Beyond operational issues such as the wars overseas or Pentagon-related homeland defense, many issues have yet to be identified, officials say. Gates and Mullen are concerned that security intelligence is not waylaid by the changeover. Gates has asked political appointees in the Pentagon to stay through to the new administration.
But it will take more than just good planning inside the Pentagon, analysts say. Experts say Congress must expedite the nominations of new appointees to critical national security jobs.
Michele Flournoy, a former Pentagon official under President Clinton, worries that the "nobody home phenomenon" that occurs between administrations might put the country in a perilous state. Ms. Flournoy and Richard Armitage, a former State Department deputy secretary under President George W. Bush, are pushing for the new presidential nominee to provide a list of critical appointees within a month of being elected – December 1 of this year – so that Congress can act upon them quickly.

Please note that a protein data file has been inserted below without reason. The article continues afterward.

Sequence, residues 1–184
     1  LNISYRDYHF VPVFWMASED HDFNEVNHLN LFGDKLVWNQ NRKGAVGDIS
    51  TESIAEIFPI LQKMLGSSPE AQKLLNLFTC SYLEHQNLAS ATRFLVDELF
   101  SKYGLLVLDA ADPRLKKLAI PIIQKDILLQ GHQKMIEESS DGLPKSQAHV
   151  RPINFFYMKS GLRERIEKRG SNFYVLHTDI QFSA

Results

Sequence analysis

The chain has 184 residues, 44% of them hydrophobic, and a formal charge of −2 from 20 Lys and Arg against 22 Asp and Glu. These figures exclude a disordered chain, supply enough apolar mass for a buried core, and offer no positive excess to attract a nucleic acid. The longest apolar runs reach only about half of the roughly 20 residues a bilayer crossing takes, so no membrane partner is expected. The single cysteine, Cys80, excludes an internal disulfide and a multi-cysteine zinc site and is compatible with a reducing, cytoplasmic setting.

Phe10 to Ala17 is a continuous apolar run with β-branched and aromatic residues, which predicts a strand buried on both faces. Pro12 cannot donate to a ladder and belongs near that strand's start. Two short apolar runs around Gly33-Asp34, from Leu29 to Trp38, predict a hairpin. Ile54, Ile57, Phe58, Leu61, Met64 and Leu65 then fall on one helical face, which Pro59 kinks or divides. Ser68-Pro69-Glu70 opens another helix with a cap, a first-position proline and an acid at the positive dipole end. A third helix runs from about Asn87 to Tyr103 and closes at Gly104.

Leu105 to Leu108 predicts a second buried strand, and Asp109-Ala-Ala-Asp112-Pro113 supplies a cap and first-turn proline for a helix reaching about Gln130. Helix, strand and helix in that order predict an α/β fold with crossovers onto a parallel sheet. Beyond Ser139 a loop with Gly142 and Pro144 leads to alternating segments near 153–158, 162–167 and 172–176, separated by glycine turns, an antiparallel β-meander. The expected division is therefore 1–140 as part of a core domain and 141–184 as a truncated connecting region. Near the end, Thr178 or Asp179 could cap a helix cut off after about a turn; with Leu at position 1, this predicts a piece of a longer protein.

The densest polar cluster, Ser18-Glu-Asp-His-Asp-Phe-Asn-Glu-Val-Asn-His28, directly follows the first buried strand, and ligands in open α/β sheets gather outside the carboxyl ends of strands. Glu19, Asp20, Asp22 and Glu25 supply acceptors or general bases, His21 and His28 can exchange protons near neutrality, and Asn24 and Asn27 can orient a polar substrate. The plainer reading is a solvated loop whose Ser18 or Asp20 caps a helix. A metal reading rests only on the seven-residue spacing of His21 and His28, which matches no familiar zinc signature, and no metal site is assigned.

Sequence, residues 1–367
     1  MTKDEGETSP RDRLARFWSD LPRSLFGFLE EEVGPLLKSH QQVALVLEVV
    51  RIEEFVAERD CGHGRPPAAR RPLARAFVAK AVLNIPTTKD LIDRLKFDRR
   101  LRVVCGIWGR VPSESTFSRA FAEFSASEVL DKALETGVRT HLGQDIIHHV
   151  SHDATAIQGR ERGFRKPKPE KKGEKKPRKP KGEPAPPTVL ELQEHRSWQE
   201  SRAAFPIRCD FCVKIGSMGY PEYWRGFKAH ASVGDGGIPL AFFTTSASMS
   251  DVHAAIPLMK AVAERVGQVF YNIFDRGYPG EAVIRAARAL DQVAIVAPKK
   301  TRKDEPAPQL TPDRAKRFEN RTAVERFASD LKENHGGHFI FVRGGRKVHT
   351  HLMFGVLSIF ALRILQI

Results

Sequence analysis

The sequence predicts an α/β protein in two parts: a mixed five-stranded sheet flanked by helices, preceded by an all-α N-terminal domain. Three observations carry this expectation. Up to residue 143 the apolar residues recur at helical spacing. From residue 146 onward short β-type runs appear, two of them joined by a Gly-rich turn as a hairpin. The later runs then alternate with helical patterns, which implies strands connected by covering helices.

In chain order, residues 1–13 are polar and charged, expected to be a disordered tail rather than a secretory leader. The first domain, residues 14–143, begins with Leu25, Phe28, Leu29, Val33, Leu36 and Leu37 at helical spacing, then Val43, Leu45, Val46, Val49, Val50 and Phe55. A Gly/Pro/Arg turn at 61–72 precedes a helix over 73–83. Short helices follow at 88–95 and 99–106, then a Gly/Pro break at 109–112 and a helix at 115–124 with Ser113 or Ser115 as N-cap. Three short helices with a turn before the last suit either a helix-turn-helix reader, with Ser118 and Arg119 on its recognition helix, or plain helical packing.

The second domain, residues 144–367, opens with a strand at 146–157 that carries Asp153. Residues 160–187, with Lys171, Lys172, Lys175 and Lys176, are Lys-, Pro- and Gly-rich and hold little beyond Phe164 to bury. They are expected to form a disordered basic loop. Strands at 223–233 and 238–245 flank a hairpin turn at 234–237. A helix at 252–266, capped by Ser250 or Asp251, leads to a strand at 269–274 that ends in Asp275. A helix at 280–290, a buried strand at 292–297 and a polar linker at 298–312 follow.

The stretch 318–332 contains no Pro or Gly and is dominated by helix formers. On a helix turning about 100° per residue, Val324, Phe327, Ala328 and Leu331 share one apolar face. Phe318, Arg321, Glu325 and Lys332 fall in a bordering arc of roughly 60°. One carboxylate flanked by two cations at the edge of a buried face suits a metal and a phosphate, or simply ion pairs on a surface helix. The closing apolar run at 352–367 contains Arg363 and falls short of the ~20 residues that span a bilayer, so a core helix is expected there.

They also believe that all national security personnel should be kept in place until their replacements can be sworn in. Typically, political appointees begin to leave toward the end of an administration, leaving a void that normally has only a small effect.
But it will be largely up to Congress to put its partisan differences aside, she says. "They all talk about wanting a smooth transition, they all say the right things," says Flournoy. "The question is, are they willing to put their money where their mouth is … to make it work."
It will also be incumbent upon the new administration, regardless of political stripe, to approach the Pentagon carefully, says one retired senior military official who was on active duty when President Clinton won the White House as well as when President George Bush won it eight years later.